Negative thinking is like a self-induced autoimmune disease that can make life miserable

October 6, 2023

I need to preface this article by saying that I am not equating an autoimmune disease with how we think. What I am saying is that the way we use our mind has a very powerful impact on the way we feel, and too many of us verbally attack our bodies when it is in pain or otherwise compromised. In this context, I am using autoimmune as an analogy to discuss the impact our thoughts and words have on our health.

An autoimmune disease occurs when a person’s immune system mistakenly attacks their own body. In other words, it happens when the body’s natural defense system can’t tell the difference between healthy and unhealthy cells, causing the body to mistakenly attack itself.

Please now think of your mind as an army. Or, to use the terminology of autoimmune disease, a defense system. Are your thoughts generating a defense system protecting you, or has that defense system, your thoughts and words, turned into an attacker or enemy? Do you belittle yourself or think poorly of yourself or think frequent negative thoughts about various aspects of your life, other people, and the world at large?

Do you live your life in ways that keeps your mind overly stimulated and active and overly stressed, or do you praise yourself and pat yourself on the back for the efforts you make despite tremendous challenges in your life? In addition, do you put your mind at ease with meditation, prayer, breathing, gratitude, forgiveness and other nervous system calming techniques?

I think most of us would answer with the former, which means that we have created a voluntary “autoimmune disease” within the body where we have allowed our mind to attack our body and impact how we feel. Of course it isn’t a real autoimmune disease, but if your thoughts are filled with anger, resentment, judgement, etc., the mind is attacking the health of every cell in your body by the way you think and how you characterize life events. And as we all know, how we perceive, characterize, and respond to life events is what creates stress which has an undeniable impact on our health.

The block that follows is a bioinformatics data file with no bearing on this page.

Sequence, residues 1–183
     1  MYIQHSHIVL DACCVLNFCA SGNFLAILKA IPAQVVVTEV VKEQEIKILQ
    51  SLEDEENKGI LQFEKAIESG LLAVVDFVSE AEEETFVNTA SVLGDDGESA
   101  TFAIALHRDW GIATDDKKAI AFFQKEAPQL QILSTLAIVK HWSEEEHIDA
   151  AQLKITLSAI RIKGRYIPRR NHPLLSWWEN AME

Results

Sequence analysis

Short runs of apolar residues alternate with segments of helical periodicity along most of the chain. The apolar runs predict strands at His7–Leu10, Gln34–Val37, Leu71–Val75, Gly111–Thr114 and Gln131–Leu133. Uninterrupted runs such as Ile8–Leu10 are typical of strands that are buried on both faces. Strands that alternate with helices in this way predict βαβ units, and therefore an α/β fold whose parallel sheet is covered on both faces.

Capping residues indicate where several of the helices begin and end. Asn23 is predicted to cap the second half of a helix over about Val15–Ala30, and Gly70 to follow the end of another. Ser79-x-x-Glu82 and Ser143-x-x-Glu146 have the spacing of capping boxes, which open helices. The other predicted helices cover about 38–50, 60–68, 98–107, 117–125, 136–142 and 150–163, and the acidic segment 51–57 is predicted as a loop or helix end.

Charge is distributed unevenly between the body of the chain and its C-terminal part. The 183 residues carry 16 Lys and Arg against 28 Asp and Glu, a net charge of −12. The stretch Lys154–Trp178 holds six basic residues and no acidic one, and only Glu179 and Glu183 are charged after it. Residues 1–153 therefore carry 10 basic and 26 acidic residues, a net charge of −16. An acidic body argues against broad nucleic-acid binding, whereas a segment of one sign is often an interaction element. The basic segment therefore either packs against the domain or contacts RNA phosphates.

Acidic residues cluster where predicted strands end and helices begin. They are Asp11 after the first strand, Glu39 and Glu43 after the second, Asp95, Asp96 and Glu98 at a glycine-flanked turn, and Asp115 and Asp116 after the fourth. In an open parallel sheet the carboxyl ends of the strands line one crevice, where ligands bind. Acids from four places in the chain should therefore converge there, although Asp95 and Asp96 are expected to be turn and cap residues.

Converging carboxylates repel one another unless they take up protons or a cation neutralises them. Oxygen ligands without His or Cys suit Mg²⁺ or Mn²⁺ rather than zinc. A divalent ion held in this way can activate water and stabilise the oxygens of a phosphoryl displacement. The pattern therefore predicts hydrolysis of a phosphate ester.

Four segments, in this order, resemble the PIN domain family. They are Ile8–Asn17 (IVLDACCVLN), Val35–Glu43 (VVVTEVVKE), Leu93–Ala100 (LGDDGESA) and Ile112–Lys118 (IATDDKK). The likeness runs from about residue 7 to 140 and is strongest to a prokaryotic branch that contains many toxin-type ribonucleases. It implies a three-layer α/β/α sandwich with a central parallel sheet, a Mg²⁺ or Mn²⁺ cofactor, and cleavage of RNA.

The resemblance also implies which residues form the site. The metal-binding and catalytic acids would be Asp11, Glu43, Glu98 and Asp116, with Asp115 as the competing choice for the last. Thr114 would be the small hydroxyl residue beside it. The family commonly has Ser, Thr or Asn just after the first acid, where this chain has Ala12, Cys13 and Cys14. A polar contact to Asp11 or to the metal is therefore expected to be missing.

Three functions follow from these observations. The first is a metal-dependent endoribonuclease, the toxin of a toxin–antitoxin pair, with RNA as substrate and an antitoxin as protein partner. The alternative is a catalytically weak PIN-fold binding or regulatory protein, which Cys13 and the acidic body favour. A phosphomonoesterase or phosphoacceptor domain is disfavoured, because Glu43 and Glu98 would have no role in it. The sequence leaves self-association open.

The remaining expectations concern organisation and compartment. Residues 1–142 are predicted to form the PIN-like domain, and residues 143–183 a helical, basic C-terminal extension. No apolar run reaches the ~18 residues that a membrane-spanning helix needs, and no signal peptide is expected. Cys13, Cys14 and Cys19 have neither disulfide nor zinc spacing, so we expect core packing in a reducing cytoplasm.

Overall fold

If you are physically unwell, it doesn’t help to berate yourself OR your health problem. Why punish yourself more than you already feel punished for having to live a life with pain? For those of you who do berate your problem or talk about how much you hate it, does it make you feel better? If it does, I truly would love to hear from you because I have yet to meet a person who has less pain when they are actively in hatred of it.

Some people have gotten furious with me for suggesting that we choose to think about our pain differently than hating it or as an enemy, yet no one has ever told me that this approach has helped them, whereas I have heard the opposite countless times. The opposite being that we develop a more friendly relationship with it and work with it versus resisting it.

I am not in any way suggesting that if we stop thinking negatively about pain it will heal us or that the problem will go away, or that the problem is in all our head. How we think is only part of the puzzle, but it’s a REALLY big part of the puzzle (think of the power of the placebo). It’s why I frequently discuss this topic because it is neglected far too much from my perspective, especially considering that this is the main topic that most of my health coaching clients frequently want to focus because they often say that they are their own worst enemy and it makes them feel more physically unwell.

I think we should absolutely, 100%, express all of the negative emotions within us. But, do it for the sake of getting them out of your system so you don’t live in a constant state of negativity. That’s the important thing. Expressing negative emotions is actually very helpful when done in a purging type fashion.

Consider this…when we judge anything (good or bad) we define it (‘this stupid pain’, ‘that damn surgery’, ‘I hate that I can’t run anymore! You damn neck pain!’, ‘my rotten doctor’, etc.). When we define something with an adjective, we give it life because of the emotion attached to the word before the “thing.” That thing then begins to define us, which can either lift us up or tear us down.

If your neck or back hurts, leave out the words “damn” or “stupid” pain and JUST call it pain. Perhaps this is a better way of thinking about it…the adjective and feeling we give to pain can raise its volume or help mute, to varying degrees, the pain we perceive and how we feel overall.